Now that the tailstock is installed and aligned, it is doubtful that you will ever have to do this again for many years. Only the tail stock has to be adjusted to the headstock. Now, we have options of tools to look at.
Whereas the previous pictures showed a dead center, this is live center. This has bearings in it and the tip and head spin. I sometimes put oil in the back while the tip is down. I hope the oil runs in. These are found on various woodworking sites. All you need to know is morse tape #2.
There are 2 sizes of faceplates from Shopsmith. This small one is about $25 each and I think the 6" is about $35 each. But, shop around to see if you can save money. Sometimes, if you are a subscriber to Shopsmith emails, you can get these on sail. Also, while looking at woodworking sites, just ensure it is a 5/8" bore with a set screw. You may find a better deal. Or look for a used one. If the screw holes and set screw hole are in good shape, you may find a bargain.
Just a quick check to see how the alignment looks.
Here's Chucky with pen jaws installed. I have one pen mandrel that fits inside these pen jaws. I did not show, but this unit also come with a worm screw. My Chucky needs a good cleaning and lubing.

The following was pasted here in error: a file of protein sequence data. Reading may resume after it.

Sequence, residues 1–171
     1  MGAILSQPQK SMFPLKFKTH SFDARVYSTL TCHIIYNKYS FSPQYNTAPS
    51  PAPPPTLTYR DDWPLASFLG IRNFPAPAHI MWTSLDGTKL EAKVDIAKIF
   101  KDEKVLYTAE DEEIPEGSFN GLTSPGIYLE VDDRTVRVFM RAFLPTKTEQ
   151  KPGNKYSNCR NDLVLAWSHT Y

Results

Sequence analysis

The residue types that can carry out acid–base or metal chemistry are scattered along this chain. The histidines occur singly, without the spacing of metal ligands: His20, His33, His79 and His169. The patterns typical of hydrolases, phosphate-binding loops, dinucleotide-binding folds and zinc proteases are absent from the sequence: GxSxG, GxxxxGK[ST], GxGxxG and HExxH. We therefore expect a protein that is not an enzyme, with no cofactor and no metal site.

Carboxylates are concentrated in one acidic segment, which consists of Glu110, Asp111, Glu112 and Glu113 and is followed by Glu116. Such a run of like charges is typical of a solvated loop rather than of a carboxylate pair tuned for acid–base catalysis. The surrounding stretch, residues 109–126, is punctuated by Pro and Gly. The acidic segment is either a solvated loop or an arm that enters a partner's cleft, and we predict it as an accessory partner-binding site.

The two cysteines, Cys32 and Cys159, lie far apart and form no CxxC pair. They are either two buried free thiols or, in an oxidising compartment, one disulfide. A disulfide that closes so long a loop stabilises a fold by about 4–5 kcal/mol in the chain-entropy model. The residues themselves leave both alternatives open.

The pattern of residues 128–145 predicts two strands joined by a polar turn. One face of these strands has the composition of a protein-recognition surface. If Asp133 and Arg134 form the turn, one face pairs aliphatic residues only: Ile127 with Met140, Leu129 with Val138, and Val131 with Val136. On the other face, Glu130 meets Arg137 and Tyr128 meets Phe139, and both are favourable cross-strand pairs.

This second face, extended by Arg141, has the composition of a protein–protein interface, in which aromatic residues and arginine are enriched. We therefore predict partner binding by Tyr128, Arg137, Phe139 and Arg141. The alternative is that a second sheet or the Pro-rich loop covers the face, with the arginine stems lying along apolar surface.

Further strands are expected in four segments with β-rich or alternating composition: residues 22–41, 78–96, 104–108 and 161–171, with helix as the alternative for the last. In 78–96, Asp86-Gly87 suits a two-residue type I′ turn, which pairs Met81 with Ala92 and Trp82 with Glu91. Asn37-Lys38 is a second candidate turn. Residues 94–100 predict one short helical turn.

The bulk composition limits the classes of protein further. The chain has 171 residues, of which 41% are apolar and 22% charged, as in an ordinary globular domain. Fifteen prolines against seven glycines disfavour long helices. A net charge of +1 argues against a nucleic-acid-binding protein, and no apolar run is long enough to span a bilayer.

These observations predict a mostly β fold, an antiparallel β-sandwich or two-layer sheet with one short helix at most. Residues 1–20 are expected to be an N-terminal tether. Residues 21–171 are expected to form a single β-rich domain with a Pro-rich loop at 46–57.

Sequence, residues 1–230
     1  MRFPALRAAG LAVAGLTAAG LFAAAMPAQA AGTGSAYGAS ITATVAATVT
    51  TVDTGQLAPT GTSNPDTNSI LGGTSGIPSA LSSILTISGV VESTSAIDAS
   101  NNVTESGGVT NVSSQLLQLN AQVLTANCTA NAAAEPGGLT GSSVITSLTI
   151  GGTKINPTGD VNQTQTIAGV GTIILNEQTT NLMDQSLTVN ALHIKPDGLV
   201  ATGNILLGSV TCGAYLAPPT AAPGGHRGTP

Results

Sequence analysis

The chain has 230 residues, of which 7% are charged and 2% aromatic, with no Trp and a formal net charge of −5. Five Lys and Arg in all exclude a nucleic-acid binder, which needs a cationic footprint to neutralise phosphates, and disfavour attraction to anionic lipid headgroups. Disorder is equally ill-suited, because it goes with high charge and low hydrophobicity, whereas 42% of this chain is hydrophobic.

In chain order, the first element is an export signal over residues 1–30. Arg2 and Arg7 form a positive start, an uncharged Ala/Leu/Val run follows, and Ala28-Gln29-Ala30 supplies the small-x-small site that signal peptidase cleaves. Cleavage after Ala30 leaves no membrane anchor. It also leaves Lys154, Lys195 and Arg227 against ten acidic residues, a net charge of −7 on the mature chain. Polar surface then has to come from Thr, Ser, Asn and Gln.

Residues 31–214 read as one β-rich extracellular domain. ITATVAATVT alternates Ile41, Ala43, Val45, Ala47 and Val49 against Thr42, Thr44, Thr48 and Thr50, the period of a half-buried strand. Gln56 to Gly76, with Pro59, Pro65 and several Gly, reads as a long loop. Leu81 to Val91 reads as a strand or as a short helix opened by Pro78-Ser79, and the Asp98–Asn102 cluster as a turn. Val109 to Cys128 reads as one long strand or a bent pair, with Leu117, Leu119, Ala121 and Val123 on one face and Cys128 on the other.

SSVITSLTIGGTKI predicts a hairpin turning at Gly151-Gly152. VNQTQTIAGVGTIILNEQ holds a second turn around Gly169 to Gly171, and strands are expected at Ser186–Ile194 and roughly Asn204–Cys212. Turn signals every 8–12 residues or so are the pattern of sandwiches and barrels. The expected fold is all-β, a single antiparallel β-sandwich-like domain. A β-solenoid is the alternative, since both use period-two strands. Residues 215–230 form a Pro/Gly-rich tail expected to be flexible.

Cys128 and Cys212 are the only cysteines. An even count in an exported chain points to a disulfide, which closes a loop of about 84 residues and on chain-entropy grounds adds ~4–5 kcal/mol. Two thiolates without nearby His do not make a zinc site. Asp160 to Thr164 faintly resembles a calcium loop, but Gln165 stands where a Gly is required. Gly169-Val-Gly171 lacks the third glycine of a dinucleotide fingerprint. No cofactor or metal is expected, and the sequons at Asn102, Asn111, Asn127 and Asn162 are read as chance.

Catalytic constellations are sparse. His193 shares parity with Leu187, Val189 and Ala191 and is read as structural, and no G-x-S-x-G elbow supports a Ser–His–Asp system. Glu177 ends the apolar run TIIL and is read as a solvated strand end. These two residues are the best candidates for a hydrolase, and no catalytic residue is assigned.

One detail that must be mentioned on Chucky is the adapter. Shopsmith automatically includes it when you purchase from them, but you can get a much better bargain if you purchase it from Amazon or some other places if you purchase both at the same time to get the free shipping. The adapter is a 1 X 8 tpi so that most any chuck will work on your shopsmith as long as you have this adapter. For this demonstration, I could not get it off to show to you, but here is a link.
Any chuck that will work on this adapter will work on your Shopsmith. Here is mine installed.
Also, various jaws can be had for the Nova G3 chuck. They are easily found on various websites.
I just remembered, that even the EWT chucks will fit on the adapter.
Now, a comment or two about the tool rest. The newer tool rests with the banjo are much easier to use, but I have adapted and I do work with this. If you don't have the banjo (a foot that sits in the middle of this table holder you see above) the following applies.
This is something I did with a Sharpie. The CL is for the center line. If you ever question that the drive spur and live center are out of align, you can set to this mark and eyeball to see if the two spurs are close enough. While holding it here, you can make any necessary adjustments, but that is going to be rare. I have a couple lines above the CL at about 1/16" apart. It looks like more, but this helps me to quickly reference how high or low I want my tool rest.
This is normally where I start depending on the gouge and the size of the stock being turned.